With more than 150 bottlings to choose from, including a variety of vintage spirits dating back to the early 20th century, the Brandy Library is the best place to enjoy cognac in New York and possibly the whole country. And Flavien Desoblin, who opened the venerable institution in 2004, not only has 14 years of experience serving drinks but also is an enthusiastic cognac evangelist.
We couldn’t think of a better guide to this oft-misunderstood liquor, so we asked him for some key pieces of advice.
IF IT’S YOUNG, MIX IT:
For cocktails, Desoblin advises that you pour a younger spirit like Courvoisier VS, Frapin VS or Leopold Gourmel Premieres Saveurs. Citrus, nutty and floral flavors play well with cognac, so try fixing classics such as the Sidecar and French Connection. Also, “a young cognac with ginger ale on ice works wonders when it’s hot,” Desoblin says. We recommend his Jarnac Ginger, a brandy-based spin on the Dark ‘n Stormy.
IF IT’S OLD, DRINK IT STRAIGHT:
“As soon as there is any depth or complexity with a cognac,” Desoblin says, “it should not be used in cocktails.” Save those pricey XO and hors d’age spirits for sipping. Aged brandies have very delicate and subtle notes, and he suggests having them without mixers, food or even cigars. Desoblin prefers his cognac “after dinner with little distraction. Prerequisites: no stress, anger or loud people around!”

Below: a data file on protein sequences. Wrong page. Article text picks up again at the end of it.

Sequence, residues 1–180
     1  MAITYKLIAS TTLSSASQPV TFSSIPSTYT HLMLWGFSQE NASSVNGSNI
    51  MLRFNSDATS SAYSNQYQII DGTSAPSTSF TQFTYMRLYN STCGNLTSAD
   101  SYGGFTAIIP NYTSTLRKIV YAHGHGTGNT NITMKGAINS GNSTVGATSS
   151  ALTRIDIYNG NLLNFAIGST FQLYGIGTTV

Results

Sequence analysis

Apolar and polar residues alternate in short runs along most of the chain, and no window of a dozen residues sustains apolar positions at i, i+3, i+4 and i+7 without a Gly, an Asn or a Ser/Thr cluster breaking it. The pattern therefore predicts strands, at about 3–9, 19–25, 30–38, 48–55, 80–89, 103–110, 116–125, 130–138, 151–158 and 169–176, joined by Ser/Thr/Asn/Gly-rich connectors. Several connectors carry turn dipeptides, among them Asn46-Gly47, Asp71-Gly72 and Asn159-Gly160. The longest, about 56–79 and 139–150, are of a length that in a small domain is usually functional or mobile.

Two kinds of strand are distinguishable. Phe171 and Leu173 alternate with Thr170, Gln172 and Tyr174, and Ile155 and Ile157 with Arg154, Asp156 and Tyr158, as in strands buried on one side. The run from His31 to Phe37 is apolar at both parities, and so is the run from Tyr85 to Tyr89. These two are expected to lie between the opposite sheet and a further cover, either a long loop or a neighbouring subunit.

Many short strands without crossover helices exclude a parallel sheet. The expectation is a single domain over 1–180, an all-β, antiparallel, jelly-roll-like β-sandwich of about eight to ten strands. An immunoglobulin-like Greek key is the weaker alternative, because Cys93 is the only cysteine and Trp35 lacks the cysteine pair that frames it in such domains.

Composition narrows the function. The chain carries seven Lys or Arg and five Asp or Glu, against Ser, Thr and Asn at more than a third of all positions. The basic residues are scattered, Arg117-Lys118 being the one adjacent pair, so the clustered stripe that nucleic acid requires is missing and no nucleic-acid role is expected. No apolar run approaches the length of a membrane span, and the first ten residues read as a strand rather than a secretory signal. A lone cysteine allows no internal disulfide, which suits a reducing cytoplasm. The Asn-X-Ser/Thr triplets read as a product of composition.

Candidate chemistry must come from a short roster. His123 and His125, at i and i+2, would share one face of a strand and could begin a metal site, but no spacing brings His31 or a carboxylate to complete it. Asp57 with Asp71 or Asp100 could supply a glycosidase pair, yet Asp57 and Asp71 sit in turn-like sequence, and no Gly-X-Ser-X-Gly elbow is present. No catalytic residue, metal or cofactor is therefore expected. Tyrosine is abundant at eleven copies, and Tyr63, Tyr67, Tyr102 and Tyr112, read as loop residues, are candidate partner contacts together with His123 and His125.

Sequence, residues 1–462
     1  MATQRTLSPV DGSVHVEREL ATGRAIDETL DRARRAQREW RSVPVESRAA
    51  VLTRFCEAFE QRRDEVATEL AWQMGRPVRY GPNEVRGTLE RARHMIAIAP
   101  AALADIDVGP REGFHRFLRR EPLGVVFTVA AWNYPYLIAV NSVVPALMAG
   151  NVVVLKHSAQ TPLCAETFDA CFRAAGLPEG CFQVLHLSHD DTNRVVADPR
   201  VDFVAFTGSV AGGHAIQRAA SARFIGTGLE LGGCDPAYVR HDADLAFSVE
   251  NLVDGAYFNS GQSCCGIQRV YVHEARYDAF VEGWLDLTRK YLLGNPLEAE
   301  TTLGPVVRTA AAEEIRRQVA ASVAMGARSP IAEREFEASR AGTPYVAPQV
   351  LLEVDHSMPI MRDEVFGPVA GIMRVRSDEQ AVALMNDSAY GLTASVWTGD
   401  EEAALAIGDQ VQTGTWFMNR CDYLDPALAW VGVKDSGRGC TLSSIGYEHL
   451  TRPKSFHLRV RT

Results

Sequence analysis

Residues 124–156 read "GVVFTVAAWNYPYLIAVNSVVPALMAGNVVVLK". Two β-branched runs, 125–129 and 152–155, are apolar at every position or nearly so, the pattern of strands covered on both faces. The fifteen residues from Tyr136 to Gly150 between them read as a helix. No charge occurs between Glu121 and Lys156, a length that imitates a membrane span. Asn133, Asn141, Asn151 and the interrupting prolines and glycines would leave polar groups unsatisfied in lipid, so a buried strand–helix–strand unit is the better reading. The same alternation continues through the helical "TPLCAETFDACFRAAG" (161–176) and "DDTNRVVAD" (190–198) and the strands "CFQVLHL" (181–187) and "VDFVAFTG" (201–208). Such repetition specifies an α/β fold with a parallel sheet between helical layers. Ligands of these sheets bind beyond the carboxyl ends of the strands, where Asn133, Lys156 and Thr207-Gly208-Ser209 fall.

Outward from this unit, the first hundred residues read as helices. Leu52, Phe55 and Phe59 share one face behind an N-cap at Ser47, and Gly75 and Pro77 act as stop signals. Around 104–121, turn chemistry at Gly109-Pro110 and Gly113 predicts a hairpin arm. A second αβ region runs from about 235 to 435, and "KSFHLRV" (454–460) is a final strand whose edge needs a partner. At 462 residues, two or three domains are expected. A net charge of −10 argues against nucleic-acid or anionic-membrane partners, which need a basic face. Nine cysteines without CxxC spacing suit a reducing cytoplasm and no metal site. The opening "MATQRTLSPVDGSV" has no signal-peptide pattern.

NO WATER, NO ICE:
“Water tends to make cognac too bland, unless you deal with a cask-strength bottling, which is rare,” Desoblin says, “and ice just kills it.” In general, serve the spirit neat, at room temperature or slightly cooler. The traditional snifter, with its wide, balloon-shaped bottom and narrow top, is the ideal vessel, Desoblin says: “It allows for swirling and therefore the liberation of aromatic compounds.”
STOCK UP NOW:
If you’ve ever thought about building a brandy collection, you’d better get started. Due to huge demand for expensive XO bottlings in Asia, many large cognac producers are running low on older stocks. Soon, “on top of being hard to find in the US,” Desoblin says, these coveted spirits “will be of a lesser quality as well.”